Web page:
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Georgia Tech Football Film Study: Miami Hurricanes

Taking a look at film from Miami going into the key matchup on Saturday night.

Steve Mitchell-USA TODAY Sports

I looked at game film from the Miami-Louisville game to get a grasp on the UM offense and some of the things the Cardinals did to stop them. Let's take a look.

Third Down Blitzes

Louisville dialed up blitzes on third down all night and caused Miami to go an awful 1-13 on third downs. Freshman Brad Kaaya struggled to get comfortable to step up and make big throws.

On the first drive, Miami runs a designed roll out to the left, which is pretty strange considering the setup of Lousville's defense. The linebackers pursue Kaaya once he rolls left, and he makes a weak throw short of his receiver.


Later on in the first quarter, Louisville blitzes again on third down. This time they send both outside linebackers and the middle linebacker. Kaaya does a nice job stepping up, but he still gets pressure from the MLB and forces another bad throw short of his receiver.


In the second quarter, Miami faces another third down passing situation. Todd Grantham makes another good call by showing Kaaya a blitz he hadn't seen so far in the game. The Cardinals send a slot corner and outside linebacker and the middle linebacker slides back into coverage on the left side. Kaaya eyes the receiver in the left slot the entire time and makes another pressured throw into coverage.


Play Action Success

Louisville was keyed in on the run all night. Their game plan was to not let Duke Johnson beat them, and they did a great job with that. This meant they blitzed often, and their linebackers were very aggressive to the ball. That did cause some successful play actions by Miami that gained big yardage. The Georgia Tech defense will have to be careful to not key in on the run too much and leave open receivers downfield.

Early in the second quarter, Miami faces a 2nd and 16 in Louisville territory. Kaaya fakes a handoff to the fullback, and the tight end releases in the secondary. The UL corner is responsible for the route ran by the UM tight end.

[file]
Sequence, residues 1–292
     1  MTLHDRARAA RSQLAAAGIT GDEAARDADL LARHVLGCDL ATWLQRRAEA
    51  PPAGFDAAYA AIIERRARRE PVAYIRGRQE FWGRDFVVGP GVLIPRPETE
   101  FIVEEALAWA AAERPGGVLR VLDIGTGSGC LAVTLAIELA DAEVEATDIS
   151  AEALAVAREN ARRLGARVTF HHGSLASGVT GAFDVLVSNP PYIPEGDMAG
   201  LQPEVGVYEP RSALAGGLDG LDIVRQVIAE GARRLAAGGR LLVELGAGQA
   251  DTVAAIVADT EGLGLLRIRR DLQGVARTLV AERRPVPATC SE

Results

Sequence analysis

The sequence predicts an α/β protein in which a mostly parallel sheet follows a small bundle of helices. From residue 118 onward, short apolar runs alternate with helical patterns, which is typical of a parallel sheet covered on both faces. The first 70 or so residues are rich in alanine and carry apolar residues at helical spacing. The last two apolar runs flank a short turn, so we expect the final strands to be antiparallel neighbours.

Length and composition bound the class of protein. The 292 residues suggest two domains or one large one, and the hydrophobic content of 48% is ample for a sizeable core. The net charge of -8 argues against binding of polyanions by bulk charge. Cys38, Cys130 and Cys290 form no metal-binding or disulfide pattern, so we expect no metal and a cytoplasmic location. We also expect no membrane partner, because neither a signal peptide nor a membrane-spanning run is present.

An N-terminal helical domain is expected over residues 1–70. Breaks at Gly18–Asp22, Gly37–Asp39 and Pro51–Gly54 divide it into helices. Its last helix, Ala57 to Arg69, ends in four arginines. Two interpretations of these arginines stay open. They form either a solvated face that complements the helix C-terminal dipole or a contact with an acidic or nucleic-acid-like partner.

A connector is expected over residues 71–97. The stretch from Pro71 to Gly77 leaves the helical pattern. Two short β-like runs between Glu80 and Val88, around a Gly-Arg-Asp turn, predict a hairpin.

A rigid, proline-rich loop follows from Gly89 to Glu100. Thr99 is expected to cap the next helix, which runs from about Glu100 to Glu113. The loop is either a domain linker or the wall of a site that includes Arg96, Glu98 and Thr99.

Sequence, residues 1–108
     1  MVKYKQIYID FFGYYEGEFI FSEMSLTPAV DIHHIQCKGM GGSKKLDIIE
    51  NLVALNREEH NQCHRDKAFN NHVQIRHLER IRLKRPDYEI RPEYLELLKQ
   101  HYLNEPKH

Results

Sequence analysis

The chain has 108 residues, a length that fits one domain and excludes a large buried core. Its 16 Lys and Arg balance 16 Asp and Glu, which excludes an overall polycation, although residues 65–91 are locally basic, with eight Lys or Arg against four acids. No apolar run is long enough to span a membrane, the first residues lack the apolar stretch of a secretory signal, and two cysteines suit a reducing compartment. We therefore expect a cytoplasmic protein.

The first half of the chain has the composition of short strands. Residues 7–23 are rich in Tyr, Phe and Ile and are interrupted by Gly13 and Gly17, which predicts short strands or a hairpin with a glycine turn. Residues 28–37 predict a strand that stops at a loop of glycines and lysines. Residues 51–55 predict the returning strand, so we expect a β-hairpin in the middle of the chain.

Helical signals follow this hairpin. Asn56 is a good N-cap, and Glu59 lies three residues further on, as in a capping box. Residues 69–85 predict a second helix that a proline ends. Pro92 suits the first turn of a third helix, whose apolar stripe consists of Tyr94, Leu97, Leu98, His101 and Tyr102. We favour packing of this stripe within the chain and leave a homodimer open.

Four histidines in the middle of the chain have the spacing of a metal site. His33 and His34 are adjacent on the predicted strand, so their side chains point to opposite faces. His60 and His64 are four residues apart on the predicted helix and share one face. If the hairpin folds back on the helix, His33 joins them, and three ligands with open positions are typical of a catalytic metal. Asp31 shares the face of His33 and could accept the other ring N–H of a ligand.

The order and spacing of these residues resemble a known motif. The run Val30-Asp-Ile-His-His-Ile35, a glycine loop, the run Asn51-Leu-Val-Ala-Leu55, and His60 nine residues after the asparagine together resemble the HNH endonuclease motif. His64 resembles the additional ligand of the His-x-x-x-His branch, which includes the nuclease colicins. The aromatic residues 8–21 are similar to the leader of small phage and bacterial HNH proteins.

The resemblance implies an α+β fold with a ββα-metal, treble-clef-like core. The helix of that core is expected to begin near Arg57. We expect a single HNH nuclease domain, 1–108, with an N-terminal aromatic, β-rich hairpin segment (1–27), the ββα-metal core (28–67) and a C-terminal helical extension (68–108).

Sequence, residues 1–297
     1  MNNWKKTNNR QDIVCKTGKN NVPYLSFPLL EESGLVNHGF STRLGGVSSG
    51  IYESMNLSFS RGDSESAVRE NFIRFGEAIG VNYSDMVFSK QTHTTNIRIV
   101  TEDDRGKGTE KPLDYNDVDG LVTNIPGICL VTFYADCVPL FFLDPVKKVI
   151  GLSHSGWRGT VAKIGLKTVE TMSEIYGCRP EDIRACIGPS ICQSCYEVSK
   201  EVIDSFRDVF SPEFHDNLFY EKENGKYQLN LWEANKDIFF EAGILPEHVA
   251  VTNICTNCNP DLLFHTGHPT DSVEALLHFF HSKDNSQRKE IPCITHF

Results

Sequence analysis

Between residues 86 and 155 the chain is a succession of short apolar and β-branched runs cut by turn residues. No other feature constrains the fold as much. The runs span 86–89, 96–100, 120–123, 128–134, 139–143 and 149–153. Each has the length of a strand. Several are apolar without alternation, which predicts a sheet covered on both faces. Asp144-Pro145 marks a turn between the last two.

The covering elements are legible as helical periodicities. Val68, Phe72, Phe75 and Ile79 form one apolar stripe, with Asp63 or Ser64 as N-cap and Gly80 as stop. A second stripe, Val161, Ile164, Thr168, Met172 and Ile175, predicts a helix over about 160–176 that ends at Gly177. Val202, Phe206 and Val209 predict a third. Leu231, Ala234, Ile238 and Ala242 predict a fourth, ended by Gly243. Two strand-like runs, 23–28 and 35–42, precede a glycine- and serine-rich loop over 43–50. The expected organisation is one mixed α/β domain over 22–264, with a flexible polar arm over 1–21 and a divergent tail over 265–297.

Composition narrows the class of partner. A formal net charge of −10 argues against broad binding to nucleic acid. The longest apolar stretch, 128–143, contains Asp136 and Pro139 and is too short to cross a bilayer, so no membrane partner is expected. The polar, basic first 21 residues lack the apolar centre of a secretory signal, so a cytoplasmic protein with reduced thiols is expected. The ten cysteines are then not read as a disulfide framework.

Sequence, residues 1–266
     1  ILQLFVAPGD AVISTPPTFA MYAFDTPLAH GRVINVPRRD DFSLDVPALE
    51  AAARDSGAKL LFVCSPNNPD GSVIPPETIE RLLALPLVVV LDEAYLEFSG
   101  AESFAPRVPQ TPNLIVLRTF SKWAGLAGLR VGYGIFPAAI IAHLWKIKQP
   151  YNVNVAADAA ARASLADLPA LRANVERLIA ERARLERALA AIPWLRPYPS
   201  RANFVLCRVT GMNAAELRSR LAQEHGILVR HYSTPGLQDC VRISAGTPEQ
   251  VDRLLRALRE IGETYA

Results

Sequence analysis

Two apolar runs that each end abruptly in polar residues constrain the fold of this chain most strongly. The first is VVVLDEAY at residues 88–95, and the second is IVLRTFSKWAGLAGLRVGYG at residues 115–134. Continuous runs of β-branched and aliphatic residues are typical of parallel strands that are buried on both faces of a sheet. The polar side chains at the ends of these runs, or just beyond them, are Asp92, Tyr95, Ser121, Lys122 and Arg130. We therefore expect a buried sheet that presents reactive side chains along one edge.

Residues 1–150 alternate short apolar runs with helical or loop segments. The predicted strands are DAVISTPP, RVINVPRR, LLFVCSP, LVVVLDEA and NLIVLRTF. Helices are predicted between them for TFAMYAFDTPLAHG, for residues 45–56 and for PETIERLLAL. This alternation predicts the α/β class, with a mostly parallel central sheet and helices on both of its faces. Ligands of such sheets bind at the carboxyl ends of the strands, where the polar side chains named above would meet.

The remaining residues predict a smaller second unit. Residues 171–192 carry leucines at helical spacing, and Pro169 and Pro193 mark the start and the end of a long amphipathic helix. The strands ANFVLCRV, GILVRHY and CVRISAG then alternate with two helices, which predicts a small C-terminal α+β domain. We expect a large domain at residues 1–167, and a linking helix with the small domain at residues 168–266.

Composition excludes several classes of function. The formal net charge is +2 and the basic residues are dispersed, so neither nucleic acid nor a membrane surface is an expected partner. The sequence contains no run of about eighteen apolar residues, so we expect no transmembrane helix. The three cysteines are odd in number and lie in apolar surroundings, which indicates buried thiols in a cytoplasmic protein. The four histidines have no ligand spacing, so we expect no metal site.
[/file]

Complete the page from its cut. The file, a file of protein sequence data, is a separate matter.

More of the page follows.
After the fake, the UL corner jumps right to react to the run, and gets out of position for the wide open Clive Walford. Kaaya delivers a perfect throw under pressure for the completion.


Directly after the last play, Miami lines up in a goal line set and fakes the handoff to Johnson. Clive Walford once again leaks out.


The Louisville player once again reacts heavily on the play action, and Walford is wide open for the easy touchdown throw.


On the next drive, Miami once again gains big yardage on a play action. Kaaya fakes the handoff to Johnson and wide receiver Phillip Dorsett runs a skinny post from the left side of the field. Louisville seems to be in a zone coverage.


The UL linebacker jumps forward just enough for Dorsett to find a hole behind him in the zone. The UL player retreats but can't quite make the ground up to stop the completion for a nice gain.


Brad Kaaya's Footwork

Brad Kaaya has made some nice plays in his freshman year, but he's shown plenty of evidence that he is just a true freshman. To go along with some questionable decisions so far, Kaaya has shown some bad footwork along with being jumpy in the pocket.

On this play, Kaaya fakes a handoff right before rolling out to the left. Kaaya uses slow footwork to get turned around in ideal throwing position. Before setting up to make the throw, Kaaya is completely open before attempting to square up.


Kaaya sees he has a wide open receiver, but since he isn't in good position to square up and make a strong throw, he quickly attempts to pivot his right foot and get his left leg around to plant and make the throw. This causes him to be too open on the lower half, and he makes a bad under throw and gets intercepted.


Final Verdict:

Miami does some nice things on offense, but it's mainly centered around Duke Johnson. If the front four can make a few big stops, and the linebackers can make good reads to limit the big play, Tech should be able to limit the offense enough to win the game. Miami will try to run it early and often and then use play action to try to catch the defense off guard. The secondary has to hold their assignments and not get overly aggressive and allow the big play over the top on those play actions. Miami will be missing two offensive lineman from the right side in this game after they were injured against Duke. I expect Ted Roof to blitz often on second and third and longs to force some mistakes from the freshman quarterback.